Wednesday, September 7, 2011

Vacation Day 3: Something I'll Never Teach My Kids About Jesus

(For the next TWO WEEKS I'll be enjoying vacation with my family, so I will not be posting anything new here on the blog. Instead I am going to re-post the top 10, most viewed blogs from the past. Hope you (re)enjoy them, and maybe some new discussions will emerge.)

Original Post: 1/20/11

The other day day I was putting my 3 year old daughter, Eisley, down for a nap. She had been very obedient that day and had even earned herself an Oreo cookie date with her daddy after her nap (As if that's hard to do when Mommy's not home.)

Before nap we were talking about how obedient she had been and I almost naturally said, "You know Jesus is very proud of you when you obey." It seemed such a natural, appropriate, right response to her obedience and you may be thinking, "what's the big deal?... Sounds right to me too."

So why do i not ever want to say these kind of words to my children?

Because I don't wont my kids living with any kind of idea that Jesus loves them more or is more proud of them when the are good, because that means he loves them less or is not proud of them when they mess up.

You may disagree, but I, for one, still battle this kind of thinking in my own life. I can't help but think that sometimes God is angry with me when I screw up, and that feeling sucks and can consume you. (Note: I should say this idea was taught to me in the christian school and church I attended, and not by my parents... My parents are one reason i still love Jesus.)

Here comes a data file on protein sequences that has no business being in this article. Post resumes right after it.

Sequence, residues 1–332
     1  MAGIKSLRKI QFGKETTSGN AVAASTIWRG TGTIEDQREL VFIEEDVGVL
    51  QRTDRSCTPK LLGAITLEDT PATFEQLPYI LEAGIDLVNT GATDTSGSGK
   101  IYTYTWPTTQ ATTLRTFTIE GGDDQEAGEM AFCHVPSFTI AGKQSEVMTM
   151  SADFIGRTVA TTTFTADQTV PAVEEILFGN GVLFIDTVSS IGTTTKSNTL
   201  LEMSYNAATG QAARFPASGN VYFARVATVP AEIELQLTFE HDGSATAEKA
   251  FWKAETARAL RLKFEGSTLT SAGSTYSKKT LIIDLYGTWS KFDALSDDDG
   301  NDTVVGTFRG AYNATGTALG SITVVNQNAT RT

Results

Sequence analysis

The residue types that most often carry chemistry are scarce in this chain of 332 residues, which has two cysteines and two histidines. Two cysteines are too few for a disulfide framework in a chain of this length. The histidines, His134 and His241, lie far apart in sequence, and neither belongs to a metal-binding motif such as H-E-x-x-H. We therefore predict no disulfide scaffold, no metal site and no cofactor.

It's already hard enough "accepting that we are accepted" by God.

I want to teach my children that God loves them. He loves them when they obey and he loves them when they are at their worst.

I did ask Eisley if she knew of anyone else who was also very obedient... She answered, "Jesus". See, I want to teach my children to be like Jesus, not fear him... eisley and I have read a lot about Jesus and how loving and compassionate he is. So it doesn't make since to me to also treat Jesus as a threat or a weapon or use him as some sort of fear tactic with my children. They will probably experience that kind of garbage enough as it is growing up.


JustinGaynor said...

Great post....I'm reading a lot of Bonhoeffer right now and it reminded me of this....

"God loves human beings. God loves the world. Not an ideal human, but human beings as they are; not an ideal world, but the real world. What we find repulsive in their opposition to God, what we shrink back from with pain and hostility, namely, real human beings, the real world, this is for God the ground of unfathomable love."

aPearantly sew said...

Just a thought...we as parents tell our children that we are proud of them when they are good, when they are obedient, when they are kind to others. How is that any different? Living a life according to his commands IS pleasing to the Lord. Why not tell them so?

JustinGaynor said...

Good thought Alison...we know that without faith it is impossible to please God, because anyone who comes to him must believe that he exists ...but even the demons believe that...we also know that he rewards those who earnestly seek him in the ways that bring Him joy and not heartache and grief.

Jkub said...
This comment has been removed by the author.
Jkub said...

1. I am physically present to show my children that I love them even when they aren't at their best. Jesus isn't... Also, as much as I love them, my love is in some ways flawed...

2. Though it may not be a false statement, i would still want to be careful how I use those terms. Because while affirming a positive I could also be implanting the negative. (what happens when I dont obey? Is Jesus angry?)